An absorbable collagen sponge was the first BMP carrier technology to be approved by the United States Food and Drug Administration. Several candidate technologies have been screened using multiple settings to evaluate their efficacy and biocompatibility as carriers for BMPs. [14] These include particulate and putty formulations of inorganic biomaterials from natural or synthetic sources based on hydroxyapatite, b-tricalcium phosphate, calcium sulfates/plaster of Paris, calcium phosphates, calcium carbonates, bioglass technologies, and organic polymers including allogeneic/xenogeneic collagen preparations, hyaluronan, poly-a-hydroxy acids, and methylmethacrylate. These technologies have been used alone or in combinations also including autogenous bone and fibrin. [14]

   BMP in Periodontal Regeneration Top

In the field of periodontal regeneration, much of the research interest has focused on BMP-2 (OP-2), BMP-3 (osteogenin), and BMP-7 (OP-1). The first human study using a BMP to promote periodontal regeneration utilized a single application of BMP-3 (osteogenin) combined with demineralized bone allograft in a submerged tooth model. [15] Experiments utilizing crude and recombinant BMPs' combination with other growth factors have provided insight as to their potential use. Crude preparations of BMP-2 and BMP-3 applied in surgically induced furcation defects appeared to stimulate periodontal regeneration. [9]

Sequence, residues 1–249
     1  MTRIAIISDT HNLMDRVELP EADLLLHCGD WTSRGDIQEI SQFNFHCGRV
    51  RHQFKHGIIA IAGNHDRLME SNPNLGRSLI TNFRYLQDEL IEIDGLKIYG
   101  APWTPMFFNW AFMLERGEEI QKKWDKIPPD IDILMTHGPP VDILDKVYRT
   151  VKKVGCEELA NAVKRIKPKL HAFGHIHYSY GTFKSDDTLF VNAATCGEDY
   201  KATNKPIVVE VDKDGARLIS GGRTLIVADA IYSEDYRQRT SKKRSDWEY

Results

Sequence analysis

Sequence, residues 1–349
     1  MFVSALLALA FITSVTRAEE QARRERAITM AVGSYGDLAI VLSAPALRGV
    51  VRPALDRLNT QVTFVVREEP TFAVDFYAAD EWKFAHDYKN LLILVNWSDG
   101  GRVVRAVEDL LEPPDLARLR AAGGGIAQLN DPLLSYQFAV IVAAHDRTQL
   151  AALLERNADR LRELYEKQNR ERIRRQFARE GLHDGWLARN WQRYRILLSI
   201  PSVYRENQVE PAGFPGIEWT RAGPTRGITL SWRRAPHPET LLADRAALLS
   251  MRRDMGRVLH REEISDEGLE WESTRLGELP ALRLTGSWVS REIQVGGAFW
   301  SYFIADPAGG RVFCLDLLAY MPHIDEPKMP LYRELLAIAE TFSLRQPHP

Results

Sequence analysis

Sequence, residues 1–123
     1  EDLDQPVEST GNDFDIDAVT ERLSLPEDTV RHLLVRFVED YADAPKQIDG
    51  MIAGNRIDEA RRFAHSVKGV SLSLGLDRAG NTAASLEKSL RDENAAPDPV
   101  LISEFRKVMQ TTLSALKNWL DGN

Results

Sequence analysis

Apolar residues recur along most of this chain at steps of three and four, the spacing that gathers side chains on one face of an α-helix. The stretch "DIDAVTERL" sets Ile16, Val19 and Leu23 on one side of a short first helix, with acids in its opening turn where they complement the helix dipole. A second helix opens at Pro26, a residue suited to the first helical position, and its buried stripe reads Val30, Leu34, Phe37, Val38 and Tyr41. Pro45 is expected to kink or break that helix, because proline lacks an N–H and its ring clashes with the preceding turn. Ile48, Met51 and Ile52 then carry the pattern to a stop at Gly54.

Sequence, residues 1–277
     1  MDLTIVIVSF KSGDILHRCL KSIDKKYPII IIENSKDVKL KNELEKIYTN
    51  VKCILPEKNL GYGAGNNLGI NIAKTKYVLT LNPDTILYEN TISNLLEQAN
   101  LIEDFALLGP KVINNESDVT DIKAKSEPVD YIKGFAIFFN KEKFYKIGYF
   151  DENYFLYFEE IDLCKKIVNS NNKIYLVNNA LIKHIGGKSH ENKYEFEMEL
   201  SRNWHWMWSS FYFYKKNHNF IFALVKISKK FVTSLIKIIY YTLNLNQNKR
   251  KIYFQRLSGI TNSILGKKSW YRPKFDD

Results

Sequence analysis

Recent studies have utilized recombinant human BMP to determine their potential for correcting intrabony, supra-alveolar, furcation, and fenestration defects. [16] Histologic analysis revealed periodontal regeneration with areas of ankylosis. Contrary to these findings, BMP-7 augmentation resulted in a significant increase in periodontal regeneration without any ankylosis. Healing through ankylosis has been a concern, so most of the recent research utilizing recombinant human BMPs has involved in the preparation of implant site for ossteointeration. [17]

BMPs also show much promise in promoting dental implant wound healing. A pilot study in non-human primates tested the single application of OP-1 around immediate extraction socket implants and found increased bone growth as measured histologically at 3 weeks. [18] In a recent study, combined adenovirus mediated human BMP-2 (Adv-hBMP-2) gene-modified bone marrow stromal cells (BMSCs) with allograft enhanced the defect healing and improved the strength of implant fixation with osseointegration in 3-mm bone defect around a titanium alloy implant. [12]